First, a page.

‘Royal’ actor joins planning battle

Next Step Nursery children exercise at the play meadow at Courtmead, Cuckfield. Pic Steve Robards ENGSUS00120130212132603

Next Step Nursery children exercise at the play meadow at Courtmead, Cuckfield. Pic Steve Robards ENGSUS00120130212132603

Veteran Edward VIII actor Edward Fox has joined Cuckfield’s battle royal to save its community Play Meadow.

Mr Fox, whose most famous roles include Edward VIII in Edward and Mrs Simpson, stepped into the spotlight with a heart-felt letter to campaign champion Flis Irving.

In it he said of the hard-fought over site: “It certainly should not be another damn ugly, common, rich man’s house.”

Mrs Irving, who lives next to the Play Meadow, wrote to the actor appealing after owner Mid Sussex District Council agreed to sell the much-treasured parcel of land for development.

The newly-formed Play Meadow Users Association has now raised more than £100,000 to try and out-bid a developer of the prime location plot, which sits between Courtmead Road and village centre.

Mrs Irving said Edward Fox, who grew up in Cuckfield alongside brother and fellow thespian James Fox, wrote back expressing support for the community effort.

The 77-year-old who starred in films including ‘Day of the Jackal’, ‘Never Say Never Again’ and ‘Gandhi’, said he had known Cuckfield closely for 75 years and remembered the Play Meadow. He recognised its value as a community asset where children could play and refer to nature.

Mrs Irving described the house now being proposed for the site as a “massive monstrosity” on four levels, with amended plans having made no difference.

She said: “The council’s own conservation officer is saying it is still a blot on the landscape.”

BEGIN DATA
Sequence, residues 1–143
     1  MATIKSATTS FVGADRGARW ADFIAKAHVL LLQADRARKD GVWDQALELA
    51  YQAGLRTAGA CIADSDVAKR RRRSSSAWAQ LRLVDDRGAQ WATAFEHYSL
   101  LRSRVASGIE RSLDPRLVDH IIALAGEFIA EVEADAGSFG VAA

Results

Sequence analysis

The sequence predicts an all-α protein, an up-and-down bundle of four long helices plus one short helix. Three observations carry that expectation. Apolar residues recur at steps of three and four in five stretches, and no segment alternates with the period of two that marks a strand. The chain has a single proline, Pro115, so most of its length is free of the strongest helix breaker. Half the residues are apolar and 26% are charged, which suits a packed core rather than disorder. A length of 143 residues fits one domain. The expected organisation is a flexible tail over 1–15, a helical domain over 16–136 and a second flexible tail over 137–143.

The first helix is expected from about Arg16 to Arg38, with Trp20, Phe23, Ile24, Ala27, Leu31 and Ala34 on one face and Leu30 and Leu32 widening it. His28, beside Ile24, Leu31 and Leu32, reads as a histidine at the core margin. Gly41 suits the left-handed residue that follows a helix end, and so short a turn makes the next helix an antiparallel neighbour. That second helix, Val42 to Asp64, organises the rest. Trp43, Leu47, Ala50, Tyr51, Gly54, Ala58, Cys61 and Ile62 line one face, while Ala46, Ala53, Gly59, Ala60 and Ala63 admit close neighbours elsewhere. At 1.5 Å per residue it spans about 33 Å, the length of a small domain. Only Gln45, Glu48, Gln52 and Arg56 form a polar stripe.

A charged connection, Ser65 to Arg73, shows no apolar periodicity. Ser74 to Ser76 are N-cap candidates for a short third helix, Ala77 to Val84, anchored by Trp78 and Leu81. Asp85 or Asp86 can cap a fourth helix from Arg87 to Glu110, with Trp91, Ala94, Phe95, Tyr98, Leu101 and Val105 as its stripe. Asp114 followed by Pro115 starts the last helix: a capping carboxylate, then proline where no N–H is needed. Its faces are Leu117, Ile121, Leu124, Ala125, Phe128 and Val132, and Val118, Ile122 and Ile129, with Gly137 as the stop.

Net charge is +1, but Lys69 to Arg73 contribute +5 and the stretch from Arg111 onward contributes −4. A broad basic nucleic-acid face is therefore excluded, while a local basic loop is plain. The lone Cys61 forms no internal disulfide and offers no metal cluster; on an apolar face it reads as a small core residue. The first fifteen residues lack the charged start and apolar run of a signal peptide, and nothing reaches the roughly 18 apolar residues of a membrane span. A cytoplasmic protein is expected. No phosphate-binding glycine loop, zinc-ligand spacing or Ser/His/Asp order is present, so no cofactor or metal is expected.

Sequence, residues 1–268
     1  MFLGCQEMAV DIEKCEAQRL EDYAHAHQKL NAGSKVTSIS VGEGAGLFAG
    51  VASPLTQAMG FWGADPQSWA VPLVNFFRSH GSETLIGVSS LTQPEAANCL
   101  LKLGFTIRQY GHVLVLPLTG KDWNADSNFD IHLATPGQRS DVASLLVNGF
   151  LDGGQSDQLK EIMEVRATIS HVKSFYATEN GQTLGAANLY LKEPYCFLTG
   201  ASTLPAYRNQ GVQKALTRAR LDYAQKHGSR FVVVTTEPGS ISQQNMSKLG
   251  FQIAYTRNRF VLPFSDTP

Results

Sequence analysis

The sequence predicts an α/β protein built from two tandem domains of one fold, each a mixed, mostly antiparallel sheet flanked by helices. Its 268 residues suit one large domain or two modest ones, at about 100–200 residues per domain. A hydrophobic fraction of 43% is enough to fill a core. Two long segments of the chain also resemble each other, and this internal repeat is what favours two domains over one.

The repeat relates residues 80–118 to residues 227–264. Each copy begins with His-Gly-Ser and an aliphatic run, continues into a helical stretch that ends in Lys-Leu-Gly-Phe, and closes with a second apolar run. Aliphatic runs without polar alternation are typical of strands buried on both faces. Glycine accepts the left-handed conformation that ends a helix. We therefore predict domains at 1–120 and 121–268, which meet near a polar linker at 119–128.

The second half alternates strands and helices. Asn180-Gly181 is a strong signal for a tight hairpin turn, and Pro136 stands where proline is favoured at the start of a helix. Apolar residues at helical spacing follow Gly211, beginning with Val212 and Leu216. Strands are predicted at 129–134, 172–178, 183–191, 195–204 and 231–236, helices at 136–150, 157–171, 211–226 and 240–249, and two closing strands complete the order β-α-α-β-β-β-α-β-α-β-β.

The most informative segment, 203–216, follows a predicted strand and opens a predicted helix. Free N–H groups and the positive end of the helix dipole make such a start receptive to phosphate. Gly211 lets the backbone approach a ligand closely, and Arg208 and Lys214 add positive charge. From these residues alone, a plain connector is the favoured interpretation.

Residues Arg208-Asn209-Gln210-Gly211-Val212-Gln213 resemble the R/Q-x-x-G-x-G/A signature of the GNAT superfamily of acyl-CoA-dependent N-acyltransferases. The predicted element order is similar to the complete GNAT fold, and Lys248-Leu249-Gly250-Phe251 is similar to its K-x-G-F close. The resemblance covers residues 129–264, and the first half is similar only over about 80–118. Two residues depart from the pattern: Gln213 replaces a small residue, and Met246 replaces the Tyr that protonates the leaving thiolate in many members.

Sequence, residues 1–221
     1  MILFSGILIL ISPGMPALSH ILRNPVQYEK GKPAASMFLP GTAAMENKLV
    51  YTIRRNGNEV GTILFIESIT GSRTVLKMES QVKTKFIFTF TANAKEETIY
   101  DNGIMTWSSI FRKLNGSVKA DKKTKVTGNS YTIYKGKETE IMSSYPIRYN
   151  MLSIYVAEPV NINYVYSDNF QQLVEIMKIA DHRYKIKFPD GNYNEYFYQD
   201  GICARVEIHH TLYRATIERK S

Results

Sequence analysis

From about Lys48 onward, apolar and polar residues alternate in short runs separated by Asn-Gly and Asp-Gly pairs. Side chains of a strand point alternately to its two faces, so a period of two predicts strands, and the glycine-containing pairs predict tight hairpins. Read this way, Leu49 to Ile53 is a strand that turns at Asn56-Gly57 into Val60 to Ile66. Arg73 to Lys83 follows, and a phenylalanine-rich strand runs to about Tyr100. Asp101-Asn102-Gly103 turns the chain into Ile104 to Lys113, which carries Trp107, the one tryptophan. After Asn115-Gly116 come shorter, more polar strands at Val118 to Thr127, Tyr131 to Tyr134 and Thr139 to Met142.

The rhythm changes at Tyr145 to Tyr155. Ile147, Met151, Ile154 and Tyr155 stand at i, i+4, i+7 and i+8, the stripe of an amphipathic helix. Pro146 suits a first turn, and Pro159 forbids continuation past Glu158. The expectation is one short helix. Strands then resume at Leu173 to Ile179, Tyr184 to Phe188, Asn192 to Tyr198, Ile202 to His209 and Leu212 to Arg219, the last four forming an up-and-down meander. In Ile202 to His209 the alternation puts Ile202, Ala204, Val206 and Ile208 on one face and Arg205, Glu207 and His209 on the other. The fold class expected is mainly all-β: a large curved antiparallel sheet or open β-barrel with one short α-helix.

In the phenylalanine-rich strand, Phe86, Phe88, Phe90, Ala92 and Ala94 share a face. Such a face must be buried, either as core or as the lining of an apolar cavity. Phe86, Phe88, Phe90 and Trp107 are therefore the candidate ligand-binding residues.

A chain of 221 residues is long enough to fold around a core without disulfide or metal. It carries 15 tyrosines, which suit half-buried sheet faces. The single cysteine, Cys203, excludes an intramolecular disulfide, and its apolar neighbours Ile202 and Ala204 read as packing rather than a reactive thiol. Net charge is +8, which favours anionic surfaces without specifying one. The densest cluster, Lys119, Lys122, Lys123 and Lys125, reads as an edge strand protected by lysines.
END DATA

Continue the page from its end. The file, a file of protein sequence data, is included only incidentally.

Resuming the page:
The district council sanctioned sale of the land and then applied to itself for outline planning permission for a detached five bedroomed house.

People have until July 4 to comment on the amended plans while the Play Meadow Users Association intends to bid for the land on behalf of the community later this month.

In a report to the council’s planning committee its own conservation officer Angela Haywood says: “The amended proposal does not address the concerns outlined in the preceding consultation (dated 22 April 2014) and the level of development remains inappropriately intensive.”

Previously she had said the proposal was for an “overwhelming” new dwelling of four stories projecting well beyond both the front and rear building lines. She said “a bulky, dominant form of development entirely alien to the streetscape of Courtmead Road is thus proposed.”

She added that the house would harm the distinctive qualities of Courtmead Road and the significance of the designated heritage asset as a whole.

But a council report is recommending it for approval saying: “Whilst it is accepted that the dwelling is substantial in size, it is not considered that its scale will result in substantial harm to the character of the area.

“Some harm may arise from this proposal as a result of the loss of panoramic views out of and across the site to the south. However the views into/across the site are only one component of the Conservation Area as a whole.

“It is considered that the limited harm generated by this proposal is not sufficient to outweigh the benefits of the proposal. For these reasons, taking into account the advice set out within the NPPF it is felt that this application can be supported.”




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